Effective mitigation planning identifies and evaluates hazards and makes predictions by measuring risks and vulnerability from such hazards. Mitigation may reduce or eliminate risk from hazards: the higher the risk, the more urgent the need to minimize hazards through mitigation. Structural mitigation uses technology-based measures (eg, construction of flood levees or installation of automatic shut-off valves for gas lines) to reduce or eliminate damage. Nonstructural mitigation uses legislation, regulations, and insurance (eg, authorization of land-use zoning to turn flood-prone areas into nonresidential natural habitats) or insurers managing and underwriting hazard insurance.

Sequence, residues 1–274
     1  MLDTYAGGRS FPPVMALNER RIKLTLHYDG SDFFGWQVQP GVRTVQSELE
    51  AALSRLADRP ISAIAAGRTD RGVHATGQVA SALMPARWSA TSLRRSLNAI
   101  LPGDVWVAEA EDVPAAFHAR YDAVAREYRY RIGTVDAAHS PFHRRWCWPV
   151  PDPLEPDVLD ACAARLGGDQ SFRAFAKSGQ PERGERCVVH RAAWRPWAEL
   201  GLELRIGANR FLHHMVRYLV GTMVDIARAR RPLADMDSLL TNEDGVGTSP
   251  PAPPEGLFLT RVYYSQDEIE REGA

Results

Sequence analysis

The dental profession should use mitigation planning to anticipate the risk for hazards and determine where it is safe to build or purchase a clinic facility. Areas that have a higher risk of flooding can be identified by review of topographic flood plain maps to identify flood-prone areas. Dentists can plan by identifying the zoning and building code requirements at the proposed clinic site. The purchase of property that is exposed to flooding or coastal erosion of storm surge should be avoided; the dentist should consider relocating the property to higher ground or ensure that the facility is constructed on posts high above the flood plain. The Federal Emergency Management Agency (FEMA) provides access to flood plain maps that can be viewed online at the FEMA mitigation Web site ( Fig. 2 ) at msc.fema.gov/webapp/wcs/stores/servlet/FemaWelcomeView?storeId=10001&catalogId=10001&langId=-1 .